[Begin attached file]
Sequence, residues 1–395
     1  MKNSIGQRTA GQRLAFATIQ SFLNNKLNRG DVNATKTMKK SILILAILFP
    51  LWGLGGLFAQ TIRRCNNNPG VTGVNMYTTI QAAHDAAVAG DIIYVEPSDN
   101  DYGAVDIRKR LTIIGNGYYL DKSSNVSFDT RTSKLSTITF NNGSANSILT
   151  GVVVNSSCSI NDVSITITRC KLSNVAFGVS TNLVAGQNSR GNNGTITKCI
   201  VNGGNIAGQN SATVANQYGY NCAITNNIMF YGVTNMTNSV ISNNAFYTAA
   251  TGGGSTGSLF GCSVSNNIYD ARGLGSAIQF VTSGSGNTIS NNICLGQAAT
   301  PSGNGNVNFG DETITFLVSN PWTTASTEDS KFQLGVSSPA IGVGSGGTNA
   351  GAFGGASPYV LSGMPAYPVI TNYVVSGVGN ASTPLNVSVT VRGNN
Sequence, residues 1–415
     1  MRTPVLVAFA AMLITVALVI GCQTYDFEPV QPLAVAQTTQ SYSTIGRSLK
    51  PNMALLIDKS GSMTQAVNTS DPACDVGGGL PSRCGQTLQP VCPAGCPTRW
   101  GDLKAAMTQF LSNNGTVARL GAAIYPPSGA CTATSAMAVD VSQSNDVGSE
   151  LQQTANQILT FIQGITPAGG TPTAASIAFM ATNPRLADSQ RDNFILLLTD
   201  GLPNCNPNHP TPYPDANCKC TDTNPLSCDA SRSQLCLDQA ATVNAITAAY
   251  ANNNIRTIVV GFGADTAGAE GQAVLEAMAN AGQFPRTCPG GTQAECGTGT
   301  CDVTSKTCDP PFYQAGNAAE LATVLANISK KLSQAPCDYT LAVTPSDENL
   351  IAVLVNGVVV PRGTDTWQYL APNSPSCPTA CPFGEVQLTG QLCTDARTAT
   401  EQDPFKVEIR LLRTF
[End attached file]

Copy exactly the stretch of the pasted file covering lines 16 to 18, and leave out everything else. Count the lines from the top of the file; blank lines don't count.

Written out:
   251  ANNNIRTIVV GFGADTAGAE GQAVLEAMAN AGQFPRTCPG GTQAECGTGT
   301  CDVTSKTCDP PFYQAGNAAE LATVLANISK KLSQAPCDYT LAVTPSDENL
   351  IAVLVNGVVV PRGTDTWQYL APNSPSCPTA CPFGEVQLTG QLCTDARTAT